Tuesday, July 25, 2017

The Anglican Church in North America - A Botched Omelet?


The Australian Church Record has, in its June 2017 issue, published a report on the Anglican Connection Conference, held on June 13-15, 2017 in Dallas, Texas. The report was written by Stephen Tong who attended the conference and was one of its key note speakers. What immediately caught my attention was this statement which appears in the very first paragraph of the report.
“‘A dog’s breakfast’. During a recent conversation in the UK, a casual observer used that phrase to describe to me the Anglican Church in the United States of America. The fracture in the global Anglican Communion is most acute in the States, where the Anglican Church of North America (ACNA) has been set up as a parallel Anglican province, bringing together the various Anglican groups that have been forming over the last twenty years or so – such as the Nigerian based, Convocation of Anglicans in North America (CANA). However, the gospel clarity of the 16th century English Reformers – expressed in the Thirty-Nine Articles and the 1552 Prayer Book – is not yet found in North American Anglican structures. This is why the formation of the Anglican Connection is important.”
For readers who are unfamiliar with the expression ,“a dog’s breakfast,” it is chiefly a British expression and refers to a “confused mess or mixture.” Here is what urbandictionary.com has to say about this expression. 
"dog's breakfast," which has been British slang for "a complete mess" since at least the 1930s. While no one took the time to write down the exact origin of the phrase, the allusion involved seems to be to a failed culinary effort, perhaps a burned or botched omelet, fit only for consumption by the mouth of last resort, Fido. As a vivid figure of speech meaning something so fouled up as to be utterly useless, "dog's breakfast" can cover anything from a play plagued by collapsing scenery to a space mission ruined by a mathematical error. "Dog's dinner," which seems to have appeared around the same time, means exactly the same sort of disaster, but has the advantage of being attractively alliterative. Both phrases are heard occasionally in the U.S., but are more common in the U.K. and Commonwealth countries.
Synonyms include “mess, disaster, catastrophe, failure, dump."

While I believe that "a dog's breakfast" may be an apt description of the Anglican Church in North America, what is far more important is the acknowledgment in the same statement that “the gospel clarity of the 16th century English Reformers – expressed in the Thirty-Nine Articles and the 1552 Prayer Book – is not yet found in North American Anglican structures.” This acknowledgment may be described as something of an understatement. In its fundamental declarations the Anglican Church in North America equivocates in its affirmation of the doctrinal and worship principles laid out in the historic Anglican formularies—the Thirty-Nine Articles of Religion and the 1662 Book of Common Prayer. In its Catechism and its proposed Prayer Book and Ordinal, it clearly departs from these principles.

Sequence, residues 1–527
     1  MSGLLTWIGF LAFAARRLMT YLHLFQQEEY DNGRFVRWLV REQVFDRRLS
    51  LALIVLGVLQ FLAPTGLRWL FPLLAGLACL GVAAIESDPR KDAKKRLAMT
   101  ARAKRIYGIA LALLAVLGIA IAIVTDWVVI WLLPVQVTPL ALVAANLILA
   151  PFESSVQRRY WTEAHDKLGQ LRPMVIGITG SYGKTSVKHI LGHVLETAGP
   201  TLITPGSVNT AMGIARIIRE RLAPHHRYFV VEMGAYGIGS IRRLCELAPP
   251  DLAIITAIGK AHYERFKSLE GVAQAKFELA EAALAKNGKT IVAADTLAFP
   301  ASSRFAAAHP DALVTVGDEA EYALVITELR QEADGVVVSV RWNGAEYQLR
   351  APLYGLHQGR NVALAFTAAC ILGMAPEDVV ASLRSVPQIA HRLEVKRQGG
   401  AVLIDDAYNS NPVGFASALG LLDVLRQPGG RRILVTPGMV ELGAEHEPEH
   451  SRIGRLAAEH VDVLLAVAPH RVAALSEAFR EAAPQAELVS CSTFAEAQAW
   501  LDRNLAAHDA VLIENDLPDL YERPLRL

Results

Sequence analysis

The full report may be read here. Audio recordings of the various addresses may be found here. I definitely recommend that readers take time to read the report and to listen to the addresses.

9 comments:

The Rev Canon David Wilson said...

Rather interesting that the event organizer John Mason, a priest from the Diocese of Sydney, planted an ACNA Church in NYC -- Emmanual Church and two of the major presenters Dr Felix Orji and John Yates II are both active leaders in the ACNA. Orji is a member of the ACNA College of Bishops!

Hugh McCann said...

Got it! Proverbs 26:11 "As a dog returneth to his vomit, so a fool returneth to his folly."

Robin G. Jordan said...

I also believe that a number of ACNA clergy may have been in attendance. Check out the "What We Affirm" page on the Anglican Connection website - http://anglicanconnection.com/reformation-anglicanism/.

It gives as the purpose of the Anglican Connection "to provide a network of ministers and churches that is framed by the foundational documents of classic Anglicanism. In particular it provides an opportunity to re-establish a robust, vital, Bible-based, gospel-centered Anglicanism in North America, based on a doctrinal foundation and a ministry framework that is grounded in the doctrine of the Thirty-nine Articles of Religion and the theological and liturgical principles of the 1662 Book of Common Prayer and its Ordinal."

It lists these declarations:

"The Anglican Connection, being a network of churches grounded in classic Anglicanism, believes and confesses Jesus Christ as Lord. He is the Way, the Truth and the Life: no one comes to the Father except through Him (John 14:6).

The Anglican Connection affirms the Jerusalem Declaration of the Global Anglican Future Conference (GAFCON), June 2008 and in particular:

1. confesses and upholds the Holy Scriptures of the Old and New Testaments to be God’s Word written, containing all that is necessary for salvation;

2. confesses and upholds the orthodox Christian creeds, namely the Apostles Creed, the Nicene Creed and the Athanasian Creed together with the Chalcedonian Definition;

3. assents to the Thirty-nine Articles of Religion, as containing the true doctrine of the Church agreeing with God’s Word and as authoritative for Anglicans today;